Jesus frequently enjoyed a good meal with good wine, more often than not with sinners and outcasts who took such joy in His having liberated them from the sickness of sin. The reason Jesus drew such massive crowds was that joy is contagious—the joyless people slugging through miserable life conditions wanted to see this man who had had such a transformative effect on people who had previously known only misery.

    Paul’s epistle to the Philippians is sometimes called “The Joy Book.” It includes the words “joy,” “joyous,” or “rejoice” sixteen times. That is all the more extraordinary because Paul wrote it while chained in a cheerless Roman prison. People can chain you, beat you, and hurt you, but they can’t snuff out the joy within you. That joy abides within anyone who loves God and others as himself or herself in good times and horrendous times, in all circumstances and in all kinds of places—even in the grim poverty of a jail cell.

    Yet joy is not the same as happiness. It’s been said that happiness is external, subject to situations and circumstances, while joy is internal and abiding, a gift from God. Joy is God’s Spirit planted and rooted deep within us, regardless of situation or circumstance. Joy, unlike happiness, is the flip side of sorrow; the two are always connected. Without experiencing sorrow, we could never know joy. Happiness is fleeting, never quite filling our cup to the level of contentment.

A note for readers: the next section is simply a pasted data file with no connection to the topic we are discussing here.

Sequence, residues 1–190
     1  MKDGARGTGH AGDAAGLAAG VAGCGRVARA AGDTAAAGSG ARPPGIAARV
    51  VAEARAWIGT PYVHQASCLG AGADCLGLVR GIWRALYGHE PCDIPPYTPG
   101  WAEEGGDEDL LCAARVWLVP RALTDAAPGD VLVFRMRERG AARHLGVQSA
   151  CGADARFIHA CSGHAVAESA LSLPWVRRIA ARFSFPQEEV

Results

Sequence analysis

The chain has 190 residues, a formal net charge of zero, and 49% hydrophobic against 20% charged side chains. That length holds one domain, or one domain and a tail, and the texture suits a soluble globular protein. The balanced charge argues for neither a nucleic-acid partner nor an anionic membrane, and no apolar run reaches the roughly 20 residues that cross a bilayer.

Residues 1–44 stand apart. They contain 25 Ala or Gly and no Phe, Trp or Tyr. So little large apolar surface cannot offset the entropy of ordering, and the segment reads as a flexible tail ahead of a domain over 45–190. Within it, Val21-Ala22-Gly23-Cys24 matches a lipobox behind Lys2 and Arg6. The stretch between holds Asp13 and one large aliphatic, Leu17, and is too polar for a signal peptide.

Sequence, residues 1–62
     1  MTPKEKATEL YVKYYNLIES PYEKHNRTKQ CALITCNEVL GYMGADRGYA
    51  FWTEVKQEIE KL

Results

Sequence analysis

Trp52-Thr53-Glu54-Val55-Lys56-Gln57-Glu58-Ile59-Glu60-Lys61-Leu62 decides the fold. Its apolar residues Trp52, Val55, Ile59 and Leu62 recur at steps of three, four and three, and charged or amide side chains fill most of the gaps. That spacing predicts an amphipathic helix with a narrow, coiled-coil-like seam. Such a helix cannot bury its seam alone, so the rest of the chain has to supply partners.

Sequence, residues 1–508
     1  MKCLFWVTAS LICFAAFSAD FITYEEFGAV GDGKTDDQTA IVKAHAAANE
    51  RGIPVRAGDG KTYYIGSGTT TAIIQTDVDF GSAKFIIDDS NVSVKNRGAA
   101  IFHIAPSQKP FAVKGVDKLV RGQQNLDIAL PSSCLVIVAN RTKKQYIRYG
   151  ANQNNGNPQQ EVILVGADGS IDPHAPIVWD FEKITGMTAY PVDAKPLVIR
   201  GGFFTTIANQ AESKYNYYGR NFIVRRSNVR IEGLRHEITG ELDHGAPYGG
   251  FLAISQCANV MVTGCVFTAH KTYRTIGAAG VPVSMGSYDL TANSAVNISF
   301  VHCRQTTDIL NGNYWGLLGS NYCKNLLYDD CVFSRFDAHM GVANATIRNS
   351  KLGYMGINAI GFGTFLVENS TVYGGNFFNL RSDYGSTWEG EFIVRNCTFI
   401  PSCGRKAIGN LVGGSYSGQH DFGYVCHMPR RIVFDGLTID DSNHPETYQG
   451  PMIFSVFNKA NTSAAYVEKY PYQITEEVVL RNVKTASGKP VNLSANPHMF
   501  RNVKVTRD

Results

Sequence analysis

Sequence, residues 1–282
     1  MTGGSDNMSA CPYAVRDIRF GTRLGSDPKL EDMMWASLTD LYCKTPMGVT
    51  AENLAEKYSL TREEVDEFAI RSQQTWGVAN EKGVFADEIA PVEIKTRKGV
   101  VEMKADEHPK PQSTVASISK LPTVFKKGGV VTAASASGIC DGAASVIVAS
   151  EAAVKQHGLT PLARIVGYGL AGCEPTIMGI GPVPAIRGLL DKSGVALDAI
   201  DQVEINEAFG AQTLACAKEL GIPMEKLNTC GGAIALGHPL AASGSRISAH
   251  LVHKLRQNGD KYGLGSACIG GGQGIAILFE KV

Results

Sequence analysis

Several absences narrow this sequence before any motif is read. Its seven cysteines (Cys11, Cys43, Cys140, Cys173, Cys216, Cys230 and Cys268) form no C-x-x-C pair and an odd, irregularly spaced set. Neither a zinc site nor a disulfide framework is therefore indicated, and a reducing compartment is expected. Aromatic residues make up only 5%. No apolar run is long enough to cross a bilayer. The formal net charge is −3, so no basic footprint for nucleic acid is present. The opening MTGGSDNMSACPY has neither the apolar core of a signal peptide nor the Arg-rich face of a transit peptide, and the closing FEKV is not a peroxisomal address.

Money ensures us a certain amount of happiness, but how easy it is to get stranded on the merry-go-round of desire and dissatisfaction. The more money we make, the more we want. The more we want, the more we spend.

    Round and round we go, never satisfied with the thrill of more money coming in, new and cool stuff being acquired, and the fleeting happiness that comes with every new dollar made and spent. Enough is never enough. The thing about the fast-moving merry-go-round of desire is that there’s no way to step off and settle down and rejoice.

    “Joy is that warm, deep-seated glow of a heart at peace with itself.” — from The View From Down in Poordom: Reflections on Scriptures Addressing Poverty, available online at Amazonbooks.com, Barneandnoble.com or Westbowpress.com. I hope you’ll check out what I have to say.

    Joy is that warm, deep-seated glow of a heart at peace with itself. That’s what Paul implies when, after imploring the Philippians to “Rejoice in the Lord always!” he goes on to say, “Do not worry about anything, but in everything by prayer and supplication with thanksgiving let your requests be made known to God. And the peace of God, which surpasses all understanding, will guard your hearts and your minds in Christ Jesus” (Philippians 4:4, 6–7 NRSV).